Skills and Class: Chauffer Etiquettes You Should Know About

Chauffer EtiquetteFull-contact services such as chauffeuring can be awkward at times. When things that are out of normal happen, there’s always this feeling of unease to say something.

According to Encore Corporate Cars, the chauffeuring arrangement is quite a delicate experience for both the passenger and the driver. This is why there’s rarely a set of standardized rules for the chauffeur-passenger relation while in-transit.

But, of course, as a business in the service industry, having a proper etiquette can say a lot about one’s integrity. So, for both the driver’s and the business executive’s guide and observance, below is a list of the basic protocols and behaviour the chauffeur service should provide.

A Smooth Travel Experience

Chauffeur companies usually operate various types of vehicles depending on the requirements of the client. That’s why it’s important to appropriately understand the differences of specific vehicle use to another. If a chauffeur isn’t familiar with the controls, features, and amenities of the car, this can lead to a bad client experience.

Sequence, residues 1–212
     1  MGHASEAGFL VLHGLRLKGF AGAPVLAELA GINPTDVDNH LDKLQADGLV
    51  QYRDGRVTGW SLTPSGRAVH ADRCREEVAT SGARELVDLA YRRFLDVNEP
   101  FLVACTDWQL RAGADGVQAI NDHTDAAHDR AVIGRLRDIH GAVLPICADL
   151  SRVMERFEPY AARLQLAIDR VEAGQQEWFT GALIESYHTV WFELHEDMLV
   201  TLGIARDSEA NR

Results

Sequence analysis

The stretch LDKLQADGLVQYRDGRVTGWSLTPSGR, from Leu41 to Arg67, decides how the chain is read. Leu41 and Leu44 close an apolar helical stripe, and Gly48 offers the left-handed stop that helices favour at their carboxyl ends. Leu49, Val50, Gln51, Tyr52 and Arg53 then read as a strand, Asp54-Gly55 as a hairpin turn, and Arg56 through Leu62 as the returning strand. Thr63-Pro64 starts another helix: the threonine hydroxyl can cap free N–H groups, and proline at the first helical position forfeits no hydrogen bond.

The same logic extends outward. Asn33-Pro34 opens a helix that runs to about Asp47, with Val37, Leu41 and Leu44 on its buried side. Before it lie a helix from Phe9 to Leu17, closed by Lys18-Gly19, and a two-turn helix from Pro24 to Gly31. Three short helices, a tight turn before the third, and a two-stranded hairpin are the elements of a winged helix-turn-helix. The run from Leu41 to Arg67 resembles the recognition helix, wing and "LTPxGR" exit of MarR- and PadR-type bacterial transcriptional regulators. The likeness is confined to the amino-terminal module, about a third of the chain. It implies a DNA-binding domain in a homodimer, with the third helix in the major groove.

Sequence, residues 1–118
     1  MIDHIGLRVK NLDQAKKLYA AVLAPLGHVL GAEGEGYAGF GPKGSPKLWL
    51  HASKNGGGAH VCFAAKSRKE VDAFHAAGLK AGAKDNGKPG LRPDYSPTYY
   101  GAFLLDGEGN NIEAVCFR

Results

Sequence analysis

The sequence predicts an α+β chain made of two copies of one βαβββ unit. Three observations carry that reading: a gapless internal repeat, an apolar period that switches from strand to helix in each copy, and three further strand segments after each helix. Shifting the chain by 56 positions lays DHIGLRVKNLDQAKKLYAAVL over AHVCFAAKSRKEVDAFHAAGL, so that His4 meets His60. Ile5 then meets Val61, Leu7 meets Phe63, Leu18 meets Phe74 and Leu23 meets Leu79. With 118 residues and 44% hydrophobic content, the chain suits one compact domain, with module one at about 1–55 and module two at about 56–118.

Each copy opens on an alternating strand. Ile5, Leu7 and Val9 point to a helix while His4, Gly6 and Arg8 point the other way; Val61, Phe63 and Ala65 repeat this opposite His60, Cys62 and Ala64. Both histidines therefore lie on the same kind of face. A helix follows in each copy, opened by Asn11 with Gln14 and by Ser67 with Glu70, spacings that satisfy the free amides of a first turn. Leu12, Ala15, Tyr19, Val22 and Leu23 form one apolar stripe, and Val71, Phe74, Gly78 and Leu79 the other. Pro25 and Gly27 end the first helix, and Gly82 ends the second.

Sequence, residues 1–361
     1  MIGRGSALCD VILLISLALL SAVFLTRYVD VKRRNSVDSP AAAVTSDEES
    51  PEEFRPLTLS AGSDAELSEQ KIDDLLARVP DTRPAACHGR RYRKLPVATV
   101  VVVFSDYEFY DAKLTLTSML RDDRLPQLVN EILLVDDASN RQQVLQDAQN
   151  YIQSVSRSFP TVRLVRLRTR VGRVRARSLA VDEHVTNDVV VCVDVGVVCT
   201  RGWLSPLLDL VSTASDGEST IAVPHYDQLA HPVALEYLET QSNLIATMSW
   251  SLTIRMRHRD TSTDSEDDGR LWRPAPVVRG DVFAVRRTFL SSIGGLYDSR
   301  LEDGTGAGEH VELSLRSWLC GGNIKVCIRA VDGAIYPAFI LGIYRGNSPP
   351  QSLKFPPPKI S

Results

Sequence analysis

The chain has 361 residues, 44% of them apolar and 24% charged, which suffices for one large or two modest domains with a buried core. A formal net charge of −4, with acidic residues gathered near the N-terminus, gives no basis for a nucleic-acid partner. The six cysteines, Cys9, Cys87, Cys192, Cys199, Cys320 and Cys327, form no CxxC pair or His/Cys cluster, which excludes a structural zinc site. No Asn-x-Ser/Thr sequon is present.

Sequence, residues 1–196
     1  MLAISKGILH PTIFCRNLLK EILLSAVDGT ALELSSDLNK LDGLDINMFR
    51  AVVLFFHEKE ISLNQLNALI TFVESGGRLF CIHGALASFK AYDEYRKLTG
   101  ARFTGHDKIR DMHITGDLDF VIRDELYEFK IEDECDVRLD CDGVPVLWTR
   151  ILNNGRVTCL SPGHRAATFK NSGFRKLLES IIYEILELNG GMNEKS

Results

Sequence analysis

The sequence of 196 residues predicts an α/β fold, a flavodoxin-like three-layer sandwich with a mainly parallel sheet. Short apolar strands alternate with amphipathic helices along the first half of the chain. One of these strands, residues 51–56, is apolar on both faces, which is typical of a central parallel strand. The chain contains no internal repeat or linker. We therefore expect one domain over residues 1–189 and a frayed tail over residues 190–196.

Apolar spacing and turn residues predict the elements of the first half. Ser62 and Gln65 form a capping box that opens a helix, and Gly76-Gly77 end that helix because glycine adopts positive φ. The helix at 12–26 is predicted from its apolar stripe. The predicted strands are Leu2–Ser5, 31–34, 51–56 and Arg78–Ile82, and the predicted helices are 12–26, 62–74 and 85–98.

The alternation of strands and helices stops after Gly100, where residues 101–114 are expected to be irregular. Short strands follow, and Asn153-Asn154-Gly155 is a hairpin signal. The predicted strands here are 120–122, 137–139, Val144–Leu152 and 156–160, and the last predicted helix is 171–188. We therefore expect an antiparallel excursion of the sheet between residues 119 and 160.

An Extended Quality of Service

Since a chauffeur provides service, opening and closing the door is naturally part of the job. Even if the client refuses, chauffeurs should make sure the client boards safely and without discomfort. But, if the client insists on not having the chauffeur service the door, he should at least wait for the client to board before re-entering the vehicle.

Chitchats and Small Talks are Fine, But Only When Initiated

Unless it’s extremely needed, the chauffeur should remain silent. This isn’t because the driver is incapable of holding a conversation, but because it’s just proper to focus all the attention on the road. But, when the client wishes to talk to the driver, he should reply in kind. The best possible time for the driver to talk to the client is at the start of the trip, where they can discuss the route, the temperature of the vehicle, music playlists, etc.

Chauffeuring isn’t only about transporting the client to places. It also involves ensuring a good experience, which will come from the common sense etiquette in driving and dealing with clients.

About Eleanor Sharp
Eleanor Sharp is the author of AGSE Law. As a paralegal, she has worked with attorneys in many fields to ensure their clients get the best advice and representation. She is passionate about helping people understand the complexities of the legal system so they can make better decisions for themselves. Eleanor loves reading, travel, and spending time with her family. She hopes her articles will help others navigate life’s legal intricacies with confidence.